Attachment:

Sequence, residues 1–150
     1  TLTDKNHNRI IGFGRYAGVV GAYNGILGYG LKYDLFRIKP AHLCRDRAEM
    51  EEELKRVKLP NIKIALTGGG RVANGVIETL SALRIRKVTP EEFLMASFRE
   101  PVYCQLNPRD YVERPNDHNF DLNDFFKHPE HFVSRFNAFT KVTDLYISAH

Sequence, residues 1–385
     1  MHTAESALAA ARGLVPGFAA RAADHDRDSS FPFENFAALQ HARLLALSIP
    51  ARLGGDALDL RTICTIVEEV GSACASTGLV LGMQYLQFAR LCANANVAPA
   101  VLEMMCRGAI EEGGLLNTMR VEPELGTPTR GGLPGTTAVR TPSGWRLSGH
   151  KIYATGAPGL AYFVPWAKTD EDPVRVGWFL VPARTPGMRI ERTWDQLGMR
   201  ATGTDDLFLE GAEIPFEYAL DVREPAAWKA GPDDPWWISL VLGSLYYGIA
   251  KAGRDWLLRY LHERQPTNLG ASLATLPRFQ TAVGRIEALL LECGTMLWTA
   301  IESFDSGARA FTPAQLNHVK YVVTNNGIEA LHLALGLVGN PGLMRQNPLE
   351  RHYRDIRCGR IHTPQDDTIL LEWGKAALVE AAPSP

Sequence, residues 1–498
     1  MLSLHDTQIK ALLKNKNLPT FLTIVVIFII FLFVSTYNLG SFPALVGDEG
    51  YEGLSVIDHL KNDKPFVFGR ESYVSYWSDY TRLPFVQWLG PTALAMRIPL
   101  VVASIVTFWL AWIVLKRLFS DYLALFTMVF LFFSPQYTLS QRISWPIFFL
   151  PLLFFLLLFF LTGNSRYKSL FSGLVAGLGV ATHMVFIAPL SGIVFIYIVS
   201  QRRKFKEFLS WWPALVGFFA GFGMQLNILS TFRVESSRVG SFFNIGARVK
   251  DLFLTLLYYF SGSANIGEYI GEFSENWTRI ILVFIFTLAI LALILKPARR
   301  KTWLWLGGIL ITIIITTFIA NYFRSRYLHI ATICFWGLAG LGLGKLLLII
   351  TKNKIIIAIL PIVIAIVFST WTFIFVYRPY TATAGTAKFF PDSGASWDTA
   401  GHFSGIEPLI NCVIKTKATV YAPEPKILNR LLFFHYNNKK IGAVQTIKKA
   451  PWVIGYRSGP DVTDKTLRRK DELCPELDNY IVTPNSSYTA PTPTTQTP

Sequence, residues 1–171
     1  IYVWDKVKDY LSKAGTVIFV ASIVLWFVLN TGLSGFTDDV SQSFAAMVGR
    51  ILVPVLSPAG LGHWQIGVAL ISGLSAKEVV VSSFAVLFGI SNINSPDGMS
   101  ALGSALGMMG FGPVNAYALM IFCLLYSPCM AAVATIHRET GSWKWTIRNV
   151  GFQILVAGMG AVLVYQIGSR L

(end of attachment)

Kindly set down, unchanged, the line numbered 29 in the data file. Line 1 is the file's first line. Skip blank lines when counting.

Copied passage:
   151  GFQILVAGMG AVLVYQIGSR L